When it comes to food, everyone has an opinion and each of us have many questions. Take beef for instance. It seems you either eat it or you don’t. And if you choose not to, one concern for avoiding it could be the fear of hormones in beef.  How do we know beef is safe to eat and why are hormones used anyway?

The “beef” over eating meat

The sensationalism surrounding beef being filled with hormones is just that – an over exaggeration.  It’s important to understand all living things – plants, animals, and people – produce hormones. Hormones are special chemical messengers necessary for controlling most major body functions from hunger to reproduction. The hormones used in beef production are only those that are also naturally produced by cattle. They include estrogen, progesterone, and testosterone, as well as synthetic versions of them.

Why are hormones used?

The simple answer why cattle are implanted with hormones is to help the cattle grow faster. These growth-promoting hormone pellets, about the size of an Advil tablet, contain a small amount of hormones and are put under the skin on the backside of the ear – cattle ears are never used in food production, thus they do not end up in the food we eat.

If you’re worried about the amount of hormones in these pellets, don’t be. The amount is a fraction of the natural production of mature bulls or heifers. A 1,300 pound steer is implanted with 30 milligrams of estrogen to last 150 days and that’s it. Compare this to the amount of ingested hormones a woman on birth control pills takes for months or years. Also, hormones don’t build-up in the cow’s system so there is no residue from the pellets in your meat.

These hormones not only help the animal gain weight faster, but they also have less of an impact on the environment than a non-treated animal. This means less time, food, and water are used to finish the animal making them less expensive to produce, a cost-savings passed on to us as consumers.  Research from Iowa State University found that hormone implants have no effect on beef quality or safety.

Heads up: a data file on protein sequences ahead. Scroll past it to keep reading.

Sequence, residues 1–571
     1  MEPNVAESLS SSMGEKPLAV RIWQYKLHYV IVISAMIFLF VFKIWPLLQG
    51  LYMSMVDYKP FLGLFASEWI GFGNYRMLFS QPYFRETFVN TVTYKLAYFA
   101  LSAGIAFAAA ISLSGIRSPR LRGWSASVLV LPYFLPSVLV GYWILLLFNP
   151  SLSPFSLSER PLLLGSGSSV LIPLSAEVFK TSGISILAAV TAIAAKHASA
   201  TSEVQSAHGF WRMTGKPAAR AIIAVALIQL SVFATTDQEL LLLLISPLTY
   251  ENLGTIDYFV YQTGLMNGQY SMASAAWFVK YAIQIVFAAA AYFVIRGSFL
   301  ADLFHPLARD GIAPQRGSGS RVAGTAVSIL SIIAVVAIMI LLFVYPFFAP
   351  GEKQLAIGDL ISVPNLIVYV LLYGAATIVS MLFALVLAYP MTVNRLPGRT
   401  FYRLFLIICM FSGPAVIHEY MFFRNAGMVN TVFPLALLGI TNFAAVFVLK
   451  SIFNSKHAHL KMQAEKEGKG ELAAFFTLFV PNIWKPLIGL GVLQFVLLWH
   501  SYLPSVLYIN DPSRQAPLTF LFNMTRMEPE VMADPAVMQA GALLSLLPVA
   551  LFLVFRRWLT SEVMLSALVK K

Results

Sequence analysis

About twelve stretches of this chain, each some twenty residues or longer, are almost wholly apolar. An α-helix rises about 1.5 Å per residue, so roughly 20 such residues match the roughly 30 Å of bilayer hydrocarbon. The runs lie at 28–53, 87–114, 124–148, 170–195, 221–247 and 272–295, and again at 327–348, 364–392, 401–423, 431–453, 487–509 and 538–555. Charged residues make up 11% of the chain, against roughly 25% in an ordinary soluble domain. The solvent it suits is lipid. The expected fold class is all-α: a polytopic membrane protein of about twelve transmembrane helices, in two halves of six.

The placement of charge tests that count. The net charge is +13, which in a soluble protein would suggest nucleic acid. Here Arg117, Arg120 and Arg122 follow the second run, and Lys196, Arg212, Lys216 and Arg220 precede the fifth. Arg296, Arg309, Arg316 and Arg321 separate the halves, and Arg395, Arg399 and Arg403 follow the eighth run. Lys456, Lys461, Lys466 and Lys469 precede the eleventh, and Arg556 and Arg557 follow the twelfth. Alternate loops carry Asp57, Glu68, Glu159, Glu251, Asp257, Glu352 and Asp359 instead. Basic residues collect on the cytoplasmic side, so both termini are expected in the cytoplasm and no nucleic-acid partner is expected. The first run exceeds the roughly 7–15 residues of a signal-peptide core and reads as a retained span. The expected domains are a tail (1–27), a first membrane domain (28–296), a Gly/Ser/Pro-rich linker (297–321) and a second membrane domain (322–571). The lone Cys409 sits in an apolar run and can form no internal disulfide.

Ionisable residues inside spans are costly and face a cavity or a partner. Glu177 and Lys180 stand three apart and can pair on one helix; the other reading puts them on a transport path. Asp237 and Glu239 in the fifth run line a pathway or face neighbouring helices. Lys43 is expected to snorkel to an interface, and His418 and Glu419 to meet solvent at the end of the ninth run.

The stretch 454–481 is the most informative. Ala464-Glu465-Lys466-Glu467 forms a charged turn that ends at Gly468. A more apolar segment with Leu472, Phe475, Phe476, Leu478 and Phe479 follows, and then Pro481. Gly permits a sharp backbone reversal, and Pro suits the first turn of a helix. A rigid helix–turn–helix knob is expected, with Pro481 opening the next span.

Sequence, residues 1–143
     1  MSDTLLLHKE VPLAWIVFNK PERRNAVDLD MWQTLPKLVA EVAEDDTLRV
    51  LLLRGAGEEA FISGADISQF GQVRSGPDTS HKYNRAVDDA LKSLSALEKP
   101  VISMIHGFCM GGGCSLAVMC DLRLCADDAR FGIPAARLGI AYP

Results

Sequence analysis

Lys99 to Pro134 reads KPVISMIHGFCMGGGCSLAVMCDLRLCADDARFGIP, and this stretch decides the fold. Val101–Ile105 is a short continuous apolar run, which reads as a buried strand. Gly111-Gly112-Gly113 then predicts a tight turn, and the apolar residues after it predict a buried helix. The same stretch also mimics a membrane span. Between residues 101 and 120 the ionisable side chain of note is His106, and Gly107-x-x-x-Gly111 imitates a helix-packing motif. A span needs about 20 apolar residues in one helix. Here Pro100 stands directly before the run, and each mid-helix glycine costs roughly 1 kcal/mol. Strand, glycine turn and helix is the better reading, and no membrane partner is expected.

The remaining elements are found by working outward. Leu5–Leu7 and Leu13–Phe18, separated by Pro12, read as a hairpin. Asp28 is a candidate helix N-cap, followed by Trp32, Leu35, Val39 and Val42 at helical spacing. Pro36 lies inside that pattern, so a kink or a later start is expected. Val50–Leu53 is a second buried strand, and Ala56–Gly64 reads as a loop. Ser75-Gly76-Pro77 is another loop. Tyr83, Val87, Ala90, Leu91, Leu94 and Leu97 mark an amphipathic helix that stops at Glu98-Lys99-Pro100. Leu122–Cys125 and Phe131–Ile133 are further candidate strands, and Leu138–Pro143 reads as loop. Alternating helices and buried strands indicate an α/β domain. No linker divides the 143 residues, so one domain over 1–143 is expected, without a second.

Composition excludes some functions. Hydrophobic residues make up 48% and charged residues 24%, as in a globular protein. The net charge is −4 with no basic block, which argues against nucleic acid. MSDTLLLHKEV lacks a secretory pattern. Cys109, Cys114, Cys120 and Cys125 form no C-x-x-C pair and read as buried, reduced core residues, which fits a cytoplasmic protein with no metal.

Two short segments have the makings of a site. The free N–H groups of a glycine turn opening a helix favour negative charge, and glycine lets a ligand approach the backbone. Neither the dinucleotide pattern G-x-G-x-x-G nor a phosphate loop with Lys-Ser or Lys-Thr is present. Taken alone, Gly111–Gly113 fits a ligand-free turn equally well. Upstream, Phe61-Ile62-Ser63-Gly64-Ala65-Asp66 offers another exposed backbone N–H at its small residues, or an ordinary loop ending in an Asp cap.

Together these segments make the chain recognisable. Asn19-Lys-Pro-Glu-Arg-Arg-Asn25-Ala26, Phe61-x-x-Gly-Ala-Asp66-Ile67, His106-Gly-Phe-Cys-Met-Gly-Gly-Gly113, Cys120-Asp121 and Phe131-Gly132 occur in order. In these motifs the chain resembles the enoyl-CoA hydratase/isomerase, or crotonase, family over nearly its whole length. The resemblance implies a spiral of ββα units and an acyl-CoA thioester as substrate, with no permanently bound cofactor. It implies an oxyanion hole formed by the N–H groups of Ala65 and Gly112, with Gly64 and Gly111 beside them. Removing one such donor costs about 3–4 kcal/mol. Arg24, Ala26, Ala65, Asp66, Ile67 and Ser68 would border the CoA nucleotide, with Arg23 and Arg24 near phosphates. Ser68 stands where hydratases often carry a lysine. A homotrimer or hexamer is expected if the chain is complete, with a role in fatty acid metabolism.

Photo Taken by Cheryl Mussatto

Hormone levels in beef compared to other foods

So will you ingest hormones eating beef? Yes.  And yes, you will also be ingesting hormones when you eat broccoli, kale and many other nutritious foods.  However, beef gets a bad rap for the amount of hormones they contain, yet when compared to other foods’ hormonal levels, beef is far down on the list.  To put the hormone levels of beef into perspective, here is a look at the level of steroids in an eight-ounce serving of common foods, listed in nanograms, (which is one-billionth of a gram):

  • Tofu – 113,500,000
  • Pinto beans – 900,000
  • White bread – 300,000
  • Eggs – 555
  • Milk – 32
  • Beef (implanted steer) – 7
  • Beef (nonimplanted steer) – 5

As you can see, there are plenty of other foods with much higher levels of hormones than beef.

Is beef a nutritious and safe food?

Yes, beef is nutritious and a safe food for all of us to consume. According to the Dietary Guidelines, beef is an important source of many nutrients which include protein, selenium, choline, iron, zinc, phosphorus, and the B vitamins of niacin, vitamin B12, vitamin B6 and riboflavin.

We should place our focus on the health benefits of lean beef instead of fussing over the amount of hormones in it. Beef is one of our best sources of protein – necessary to prevent muscle loss with aging, manage weight control, and improve metabolic functioning.  Beef is also a rich source of the mineral iron, essential for transferring oxygen in your blood from the lungs to the body’s tissues.

Ranchers and farmers, who produce beef like my father did, are dedicated to feeding families a healthy and safe product. Whether you choose to eat beef or not is a personal decision.  All of us make various food choices every day and have the right to decide what foods, including beef, we want on our dinner plate. If beef fits your nutritional needs, personal preference and budget, it is one of the safest and nutritious foods you can enjoy with no worries over hormones.

Categories: Health

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Cheryl Mussatto

Cheryl Mussatto MS, RD, LD is a registered dietitian with a master’s degree in Dietetics and Nutrition from the University of Kansas and a bachelor’s degree in Dietetics and Institutional Management from Kansas State University. She is a clinical dietitian for Cotton O’Neil Clinics in Topeka and Osage City; an adjunct professor for Allen Community College, Burlingame, KS where she teaches Basic Nutrition; and is a freelance writer and blog contributor for Dr. David Samadi, Urologic Oncologist Expert and World Renowned Robotic Surgeon in New York City. Cheryl is also the author of The Nourished Brain, The Latest Science on Food’s Power for Protecting the Brain from Alzheimers and Dementia and The Prediabetes Action Plan and Cookbook, both available on Amazon in Kindle and paperback editions.

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